Abortion Biz Staffer Charged With Infecting Women With Hepatitis C

International   Steven Ertelt   May 27, 2011   |   12:03PM    Croydon, Australia

A staffer at an abortion business in Australia has been charged with infecting more than 50 women with the same strain of hepatitis C.

The heath chief of the Australian state of Victoria released the accusations against the abortion practitioner in April of last year concerning the infections at the Croydon Day Surgery abortion business. The health department investigation into the abortion operation where James Latham Peters was the anesthesiologist involved asking as many as 3,600 women who had abortions at his center since 2006 about their experience at the abortion facility.

The Victorian Police and the Medical Practitioners Board of Victoria revealed last year that the patients’ infections are an identical genetic match to his own hepatitis C strain in 22 of the confirmed 44 cases. Another 19 women showed signs of infection but officials could not confirm whether they obtained it from the abortion center.

Now, Peters is charged with 54 counts of endangering lives negligently causing serious injury and recklessly causing serious injury, according to 9 News in Australia. Peters appeared before the Melbourne Magistrates Court as Prosecutor Helen Faturous told the court it would take time to prosecute the case because of the complexities involved.

Deputy Chief Magistrate Jelena Popovic allowed Peters to be released on bail with a $200,000 bond and the surrender of his passport, the news station reported. He is slated to appear in court again on September 30. Peters has been directed by health officials to not work in any medical or health related field and he must not contact staff at medical centers where he previously worked.

Paula Shelton, an attorney who is filing a class action lawsuit on behalf of the victims, told 9 News, that they are pleased he was finally charged in connection with the infections.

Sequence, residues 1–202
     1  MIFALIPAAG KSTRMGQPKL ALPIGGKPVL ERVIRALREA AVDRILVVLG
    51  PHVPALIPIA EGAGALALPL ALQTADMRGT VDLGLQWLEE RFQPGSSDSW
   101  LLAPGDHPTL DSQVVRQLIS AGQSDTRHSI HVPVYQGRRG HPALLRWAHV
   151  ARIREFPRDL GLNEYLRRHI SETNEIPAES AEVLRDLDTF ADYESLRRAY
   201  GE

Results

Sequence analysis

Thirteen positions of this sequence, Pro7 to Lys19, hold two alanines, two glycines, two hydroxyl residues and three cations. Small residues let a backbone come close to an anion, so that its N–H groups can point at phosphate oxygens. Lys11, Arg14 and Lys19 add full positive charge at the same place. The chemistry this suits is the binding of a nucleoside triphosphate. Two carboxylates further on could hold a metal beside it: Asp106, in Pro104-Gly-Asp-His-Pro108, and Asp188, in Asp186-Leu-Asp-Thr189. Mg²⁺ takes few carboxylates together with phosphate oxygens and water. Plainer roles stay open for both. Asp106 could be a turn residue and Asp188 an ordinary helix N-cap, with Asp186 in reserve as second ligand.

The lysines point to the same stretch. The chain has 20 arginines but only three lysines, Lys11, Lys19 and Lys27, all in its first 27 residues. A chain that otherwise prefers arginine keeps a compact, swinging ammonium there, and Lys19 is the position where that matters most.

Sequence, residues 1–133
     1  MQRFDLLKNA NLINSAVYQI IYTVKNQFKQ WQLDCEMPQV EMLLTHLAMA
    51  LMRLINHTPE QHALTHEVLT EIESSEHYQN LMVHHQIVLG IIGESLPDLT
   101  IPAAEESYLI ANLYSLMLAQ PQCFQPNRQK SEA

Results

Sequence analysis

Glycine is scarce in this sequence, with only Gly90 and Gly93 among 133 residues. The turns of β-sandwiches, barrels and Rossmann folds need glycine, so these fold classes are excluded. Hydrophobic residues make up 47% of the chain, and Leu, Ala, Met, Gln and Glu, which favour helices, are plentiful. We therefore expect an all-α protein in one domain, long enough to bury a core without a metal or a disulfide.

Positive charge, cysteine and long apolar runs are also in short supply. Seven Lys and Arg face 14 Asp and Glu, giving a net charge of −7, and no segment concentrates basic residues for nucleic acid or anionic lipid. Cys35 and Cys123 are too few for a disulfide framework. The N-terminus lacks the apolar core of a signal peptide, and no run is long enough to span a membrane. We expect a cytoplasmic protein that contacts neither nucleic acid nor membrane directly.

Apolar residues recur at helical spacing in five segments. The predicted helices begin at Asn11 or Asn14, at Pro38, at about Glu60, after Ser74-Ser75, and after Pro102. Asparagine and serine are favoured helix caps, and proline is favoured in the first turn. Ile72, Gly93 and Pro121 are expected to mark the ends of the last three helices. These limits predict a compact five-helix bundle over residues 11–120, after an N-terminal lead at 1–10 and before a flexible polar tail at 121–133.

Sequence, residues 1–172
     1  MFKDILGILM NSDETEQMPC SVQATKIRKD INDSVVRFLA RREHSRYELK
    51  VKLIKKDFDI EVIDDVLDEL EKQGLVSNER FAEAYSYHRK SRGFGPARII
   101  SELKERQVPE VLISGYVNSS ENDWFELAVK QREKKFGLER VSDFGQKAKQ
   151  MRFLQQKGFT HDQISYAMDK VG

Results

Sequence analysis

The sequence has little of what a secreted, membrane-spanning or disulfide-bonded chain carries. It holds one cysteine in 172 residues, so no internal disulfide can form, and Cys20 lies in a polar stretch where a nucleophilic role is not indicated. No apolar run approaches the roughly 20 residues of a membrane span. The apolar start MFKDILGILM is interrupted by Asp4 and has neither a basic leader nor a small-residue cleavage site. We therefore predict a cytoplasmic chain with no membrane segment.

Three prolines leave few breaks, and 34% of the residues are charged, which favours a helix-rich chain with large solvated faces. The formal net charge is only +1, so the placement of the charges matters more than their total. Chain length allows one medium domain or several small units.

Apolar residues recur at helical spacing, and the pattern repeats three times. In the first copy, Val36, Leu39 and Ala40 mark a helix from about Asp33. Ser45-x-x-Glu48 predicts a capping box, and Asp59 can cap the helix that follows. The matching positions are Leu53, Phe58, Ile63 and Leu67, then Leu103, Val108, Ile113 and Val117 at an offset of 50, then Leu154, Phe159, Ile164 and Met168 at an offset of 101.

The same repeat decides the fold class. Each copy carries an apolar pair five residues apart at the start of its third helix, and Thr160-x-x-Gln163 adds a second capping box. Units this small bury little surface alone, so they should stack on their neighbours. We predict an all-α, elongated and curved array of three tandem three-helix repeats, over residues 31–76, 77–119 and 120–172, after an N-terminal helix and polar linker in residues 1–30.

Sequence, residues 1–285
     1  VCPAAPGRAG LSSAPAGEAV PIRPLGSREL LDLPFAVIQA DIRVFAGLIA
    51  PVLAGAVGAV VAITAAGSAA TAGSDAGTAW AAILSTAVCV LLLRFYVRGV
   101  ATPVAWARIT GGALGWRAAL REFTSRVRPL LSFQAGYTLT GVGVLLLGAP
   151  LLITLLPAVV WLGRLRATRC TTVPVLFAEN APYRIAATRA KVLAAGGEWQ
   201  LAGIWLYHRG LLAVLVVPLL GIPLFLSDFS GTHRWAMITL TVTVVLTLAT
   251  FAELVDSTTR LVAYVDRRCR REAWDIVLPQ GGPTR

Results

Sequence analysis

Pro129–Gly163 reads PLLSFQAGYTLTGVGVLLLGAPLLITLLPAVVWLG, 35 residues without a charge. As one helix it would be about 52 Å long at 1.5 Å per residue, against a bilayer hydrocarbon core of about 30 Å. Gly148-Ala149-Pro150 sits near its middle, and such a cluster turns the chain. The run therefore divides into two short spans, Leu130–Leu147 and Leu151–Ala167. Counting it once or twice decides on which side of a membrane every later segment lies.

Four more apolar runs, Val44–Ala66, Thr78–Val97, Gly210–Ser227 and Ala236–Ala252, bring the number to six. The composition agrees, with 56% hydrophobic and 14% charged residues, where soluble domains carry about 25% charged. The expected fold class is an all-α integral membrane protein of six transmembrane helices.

“Obviously the information that is gained throughout any criminal proceedings will be evidence very relevant in any class action,” she said, adding that the criminal case would delay the class action suit.

“It’s pretty tough for them looking down the barrel of a serious chronic illness, which can cause liver failure,” she said. “It’s very interesting that having tested patients from other facilities they’re now saying that there are no infections so there is something very, very special about this (Croydon) clinic that has allowed this to happen.”

Victoria’s Chief Health Officer Dr John Carnie told the Herald Sun newspaper the investigation has now concluded but he can’t say whether the infections were intentional.

“It would be very hard to determine some accidental means that would involve this number of patients at just the one clinic,” Dr Carnie said.

“This is an extremely traumatic and distressing episode for these patients,” he added. “Many of them will be extremely angry that they have been put at risk.”

Peters has been prohibited from practicing medicine and he reportedly has a history of drug usage and was convicted of possessing child pornography. In 1996, he was convicted of forging more than 100 prescriptions for pethidine. The Age newspaper reported that the Croydon Day Surgery abortion business knew of the convictions but hired Peters anyway.